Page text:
Aug 25, 2011

[Avoiding MMO Burnout]

At Massively: Justin Olivetti goes over his first experience with MMO burnout:
"[O]ne day, out of the blue, I realized I was sick of it. A cold trickle flowed down my spine as I couldn't conjure up any feelings of excitement, pleasure, or interest in this game. All of the accomplishments and achievements I had worked so hard to get became absolutely meaningless to me in the space of a couple minutes.

I logged out, canceled my account, and then fell into a several-day funk when I was thrashing about as I tried to figure out how to fill this now-gaping void in my free time. Slightly pathetic, yes, but no less real for it.

In retrospect, I see how I stacked the deck for such an enormous crash, and many years after it, I now have a much better handle on how to deal with burnout than I did back then. In today's Perfect Ten, I want to pass along my meager wisdom and experience about how to deal with this event... because it happens to most of us, sooner or later."
  I can relate to Justin (and many other MMO players') experience, because I've always been a bit of an obsessive personality, which can carries over into the games I play. It was my natural inclination to play a MMO for long stretches of time, wanting to see every bit of content I that I could as fast as possible. With World of Warcraft (my first MMO), I actually didn't experience burnout until toward the end of Burning Crusade, which was the first time I started actually trying other (lower profile) games like Ryzom and Horizons (now called Istaria). I realized that a high-pressure min/max grind was not what I enjoyed the most, and playing WoW that way was actually taking a game I enjoyed and making it a stressful chore. So I learned to play SLOWER, to take breaks, to not be afraid to do something 'inefficient' ingame for my own fun. Racing to cap is something I no longer care about in games, nor am I obsessed over having 6% less optimum dps or whatever. When I find a game I like, I don't want to ruin it for myself by losing sight of what I enjoy about it and turning it into a job.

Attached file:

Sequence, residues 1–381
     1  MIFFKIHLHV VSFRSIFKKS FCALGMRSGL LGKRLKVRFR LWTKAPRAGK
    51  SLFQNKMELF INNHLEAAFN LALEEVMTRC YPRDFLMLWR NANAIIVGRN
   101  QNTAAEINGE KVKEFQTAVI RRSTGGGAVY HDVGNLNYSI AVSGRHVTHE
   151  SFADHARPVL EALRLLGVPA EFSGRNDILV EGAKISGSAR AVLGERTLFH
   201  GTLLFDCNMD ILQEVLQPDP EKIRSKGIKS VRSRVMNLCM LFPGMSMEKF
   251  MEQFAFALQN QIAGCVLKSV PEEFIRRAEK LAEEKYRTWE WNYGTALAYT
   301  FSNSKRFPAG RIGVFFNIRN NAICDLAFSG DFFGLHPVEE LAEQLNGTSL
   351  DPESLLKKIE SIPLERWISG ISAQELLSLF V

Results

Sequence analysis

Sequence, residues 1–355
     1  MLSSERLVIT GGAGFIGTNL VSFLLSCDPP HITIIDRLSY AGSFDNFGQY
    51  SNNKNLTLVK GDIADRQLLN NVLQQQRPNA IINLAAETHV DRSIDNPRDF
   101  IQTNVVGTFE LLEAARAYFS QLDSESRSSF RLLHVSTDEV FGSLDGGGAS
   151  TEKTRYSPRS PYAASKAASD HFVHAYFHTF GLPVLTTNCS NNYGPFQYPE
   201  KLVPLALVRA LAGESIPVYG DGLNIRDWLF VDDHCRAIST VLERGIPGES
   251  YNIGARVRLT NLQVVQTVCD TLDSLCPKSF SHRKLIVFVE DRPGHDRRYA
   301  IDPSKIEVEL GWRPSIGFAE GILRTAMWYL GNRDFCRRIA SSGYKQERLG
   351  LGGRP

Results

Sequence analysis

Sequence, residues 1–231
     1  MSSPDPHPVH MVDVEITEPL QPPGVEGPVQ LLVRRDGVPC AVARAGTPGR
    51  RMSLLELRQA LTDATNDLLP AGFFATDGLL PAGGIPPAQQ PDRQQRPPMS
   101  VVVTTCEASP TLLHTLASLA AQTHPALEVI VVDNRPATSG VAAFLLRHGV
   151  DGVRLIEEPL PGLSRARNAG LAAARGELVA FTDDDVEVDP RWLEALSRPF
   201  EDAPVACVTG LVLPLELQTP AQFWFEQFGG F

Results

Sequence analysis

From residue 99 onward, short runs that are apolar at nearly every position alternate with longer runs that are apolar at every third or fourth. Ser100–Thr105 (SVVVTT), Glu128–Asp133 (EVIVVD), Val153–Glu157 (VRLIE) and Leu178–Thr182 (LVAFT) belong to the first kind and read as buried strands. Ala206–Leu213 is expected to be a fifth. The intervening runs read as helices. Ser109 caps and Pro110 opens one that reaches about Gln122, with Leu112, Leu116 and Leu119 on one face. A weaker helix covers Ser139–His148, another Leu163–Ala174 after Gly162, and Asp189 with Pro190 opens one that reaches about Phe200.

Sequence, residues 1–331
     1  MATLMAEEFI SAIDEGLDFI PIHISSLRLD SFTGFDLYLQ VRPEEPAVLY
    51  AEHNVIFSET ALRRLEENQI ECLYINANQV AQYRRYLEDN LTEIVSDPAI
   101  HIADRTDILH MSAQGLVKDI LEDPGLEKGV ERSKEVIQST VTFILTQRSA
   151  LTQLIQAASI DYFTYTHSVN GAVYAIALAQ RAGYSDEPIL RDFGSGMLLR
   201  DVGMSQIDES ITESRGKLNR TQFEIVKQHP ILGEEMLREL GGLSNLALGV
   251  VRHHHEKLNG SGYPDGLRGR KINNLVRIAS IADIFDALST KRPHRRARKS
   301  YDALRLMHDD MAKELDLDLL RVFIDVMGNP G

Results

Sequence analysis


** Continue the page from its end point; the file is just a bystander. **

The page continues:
Taking a break from my 'main game' and trying others helped me (as a MMO newbie) discover my preferred game mechanics and playing style. I also got to try games with different concepts and types of content, as well as meet new friends. There's nothing more sad to me than reading rants from players who used to 'love' a game to pieces, until burnout turned all that passion into bitterness and boredom, since they can't bring themselves to STOP PLAYING and TRY DOING SOMETHING ELSE. For as much as some people deride 'casual' playing, in many situations of pre- or total burnout, trying that for a while (or permanently) is actually the only way to prevent ruining a game for yourself forever.

Related Reading: The More Alts, the More Burnout 

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